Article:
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I was somewhat dismayed when I saw that the DOJ was involved with raiding a US corporation because of some obscure foreign law regarding illegal export of Ebony wood from India. However, once the OP indicated that there was perhaps more to this than meets the eye, I checked the wikipedia links and found some interesting information:

As has already been mentioned, Gibson was ranked as the worst company to work for in 2009.


employees describe the corporate culture of Gibson as "The Worst Ever," and complain about the company's turnover rate. A specific vitriol is reserved for senior management and Gibson CEO Henry E. Juszkiewicz in particular

and


other big companies like Yamaha and Roland only have one or two user-submitted reviews. Gibson enjoys twenty-seven reviews, and they each seem to touch on the same negative aspects of the company–namely, "HJ."

Link

It's likely that Gibson knew exactly what they were doing. A Federal Prosecutor's summary of an internal e-mail states:


"On February 25, 2009, in a reference to the potential long term solution, [he] wrote…that the company Maderas Barber 'has been in the business a long time and may be able to help begin some legitimate harvests. Mr. [Roger] Thunam on the other hand should now be able to supply Nagel with all the rosewood and ebony for the grey market,'"

Link

In 2009, The Rainforest Alliance released a press release that concluded with:



Until the investigation has been concluded, Henry E. Juszkiewicz, CEO and Chairman of Gibson Guitar Corporation, has taken a leave of absence as a board member of the Rainforest Alliance.

Link

The FSC certification that underlies Gibson's "proof" that the wood was properly obtained was issued by the Rainforest Alliance, a non-governmental organization on whose board Henry E. Juszkiewicz served.

I think that the actual target of this action is actually Henry E. Juszkiewicz. Given his alleged narcissistic nature, and apparent conflict of interest political positions, I suspect that he may be involved with considerably more than just importing "blood" wood, so to speak.

Just sayin'...
Dex


edit on 8/26/2011 by DexterRiley because: editing



posted on Aug, 26 2011 @ 06:46 PM
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reply to post by RainDog
 

A possible violation of "The lacy act":

It was the first federal law protecting wildlife, although today it is primarily used to prevent the importation or spread of potentially dangerous non-native species.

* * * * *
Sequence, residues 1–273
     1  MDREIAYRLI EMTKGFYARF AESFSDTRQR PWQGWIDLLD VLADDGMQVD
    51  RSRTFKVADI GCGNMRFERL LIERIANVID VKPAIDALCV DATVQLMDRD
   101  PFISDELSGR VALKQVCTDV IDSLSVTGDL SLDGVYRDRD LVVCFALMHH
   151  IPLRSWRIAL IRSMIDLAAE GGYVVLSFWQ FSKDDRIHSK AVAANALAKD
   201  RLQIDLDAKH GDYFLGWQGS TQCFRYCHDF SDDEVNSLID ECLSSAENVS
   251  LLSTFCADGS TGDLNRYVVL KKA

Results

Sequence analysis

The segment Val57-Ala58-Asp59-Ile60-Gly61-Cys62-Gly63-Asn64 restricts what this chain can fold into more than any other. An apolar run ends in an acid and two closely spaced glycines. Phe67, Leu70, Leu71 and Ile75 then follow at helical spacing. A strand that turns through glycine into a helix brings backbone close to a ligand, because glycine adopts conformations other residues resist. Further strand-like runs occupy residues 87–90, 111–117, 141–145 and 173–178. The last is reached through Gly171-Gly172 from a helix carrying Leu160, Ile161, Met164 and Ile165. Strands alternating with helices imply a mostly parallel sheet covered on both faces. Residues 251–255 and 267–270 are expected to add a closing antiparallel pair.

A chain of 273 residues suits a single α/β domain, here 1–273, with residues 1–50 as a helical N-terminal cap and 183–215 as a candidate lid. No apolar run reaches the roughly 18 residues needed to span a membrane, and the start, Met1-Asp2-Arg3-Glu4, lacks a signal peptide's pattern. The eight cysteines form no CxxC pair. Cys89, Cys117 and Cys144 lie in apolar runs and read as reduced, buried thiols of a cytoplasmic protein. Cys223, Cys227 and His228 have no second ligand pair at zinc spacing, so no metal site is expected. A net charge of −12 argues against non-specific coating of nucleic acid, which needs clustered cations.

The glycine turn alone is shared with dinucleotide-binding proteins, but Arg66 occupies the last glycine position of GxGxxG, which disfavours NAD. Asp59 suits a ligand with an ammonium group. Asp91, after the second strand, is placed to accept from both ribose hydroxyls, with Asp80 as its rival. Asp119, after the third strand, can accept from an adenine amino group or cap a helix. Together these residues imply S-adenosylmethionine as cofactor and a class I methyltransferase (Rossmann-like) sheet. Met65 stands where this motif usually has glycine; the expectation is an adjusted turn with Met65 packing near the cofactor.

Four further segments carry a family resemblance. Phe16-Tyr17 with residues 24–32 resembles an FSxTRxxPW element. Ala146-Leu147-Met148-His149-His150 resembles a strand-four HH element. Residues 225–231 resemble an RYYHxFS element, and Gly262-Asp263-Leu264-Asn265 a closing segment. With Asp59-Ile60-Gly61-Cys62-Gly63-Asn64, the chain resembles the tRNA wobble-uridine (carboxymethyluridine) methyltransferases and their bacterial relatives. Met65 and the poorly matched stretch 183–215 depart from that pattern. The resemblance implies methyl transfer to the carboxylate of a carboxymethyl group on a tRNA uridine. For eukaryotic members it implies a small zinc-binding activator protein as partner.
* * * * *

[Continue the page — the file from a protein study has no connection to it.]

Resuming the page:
The Lacey Act also makes it unlawful to import, export, transport, sell, receive, acquire, or purchase in interstate or foreign commerce any plant in violation of the laws of the United States, a State, an Indian tribe, or any foreign law that protects plants.[3]

In violation of laws of the u.s./states /indian tribes or Any foreign law.
people have been arrested for posessing a fish which was illegal under "Honduran law"!

This is part1 of two parts of a very watchable/very valuable video.

. Please ffwd to 5:18 to hear Dr James on the innumerable federal statutes( i.e: everybody is"guilty" where they stand of something).bad Legislation like the "lacey act" makes sure by encompassing administrative regulations of even foreign countries. Govt run Amok"



edit on 26-8-2011 by 46ACE because: (no reason given)

edit on 26-8-2011 by 46ACE because: (no reason given)

edit on 26-8-2011 by 46ACE because: (no reason given)



posted on Aug, 26 2011 @ 06:59 PM
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reply to post by DexterRiley
 


Interesting, so this actually could be about fraud and illegal trafficking. Even though it doesn't admit that up front, I suppose due to the investigation going on etc.

You have done a good initial investigation there, I like what you are up to.

I also find it amazing that the suspect was a board member of the RA and also CEO of the company receiving certificates from the RA. Conflict of interest is so common these days.


It appears he knew he had contraband on his hands and was looking for a way to get "legit" in the near future?



posted on Aug, 26 2011 @ 07:02 PM
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reply to post by 46ACE
 


Looks to me like the Lacey Act is entirely unconstitutional and a slap in the face of liberty and common sense.

It essentially criminalizes large sections of the population who otherwise would not be considered criminals in any way at all.

Very broad and all encompassing legislation like this is extremely tyrannical.

It needs to be repealed.
edit on 26-8-2011 by muzzleflash because: (no reason given)



posted on Aug, 26 2011 @ 07:03 PM
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When was the last time a politician answered questions until there were no more questions to be asked. That guy could have kept going but the press ran out of things to ask him. That guy is genuine.



posted on Aug, 26 2011 @ 07:23 PM
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Gibson are also known for dressing up cheap capacitors as vintage stock and charging a premium.

This news doesn't surprise me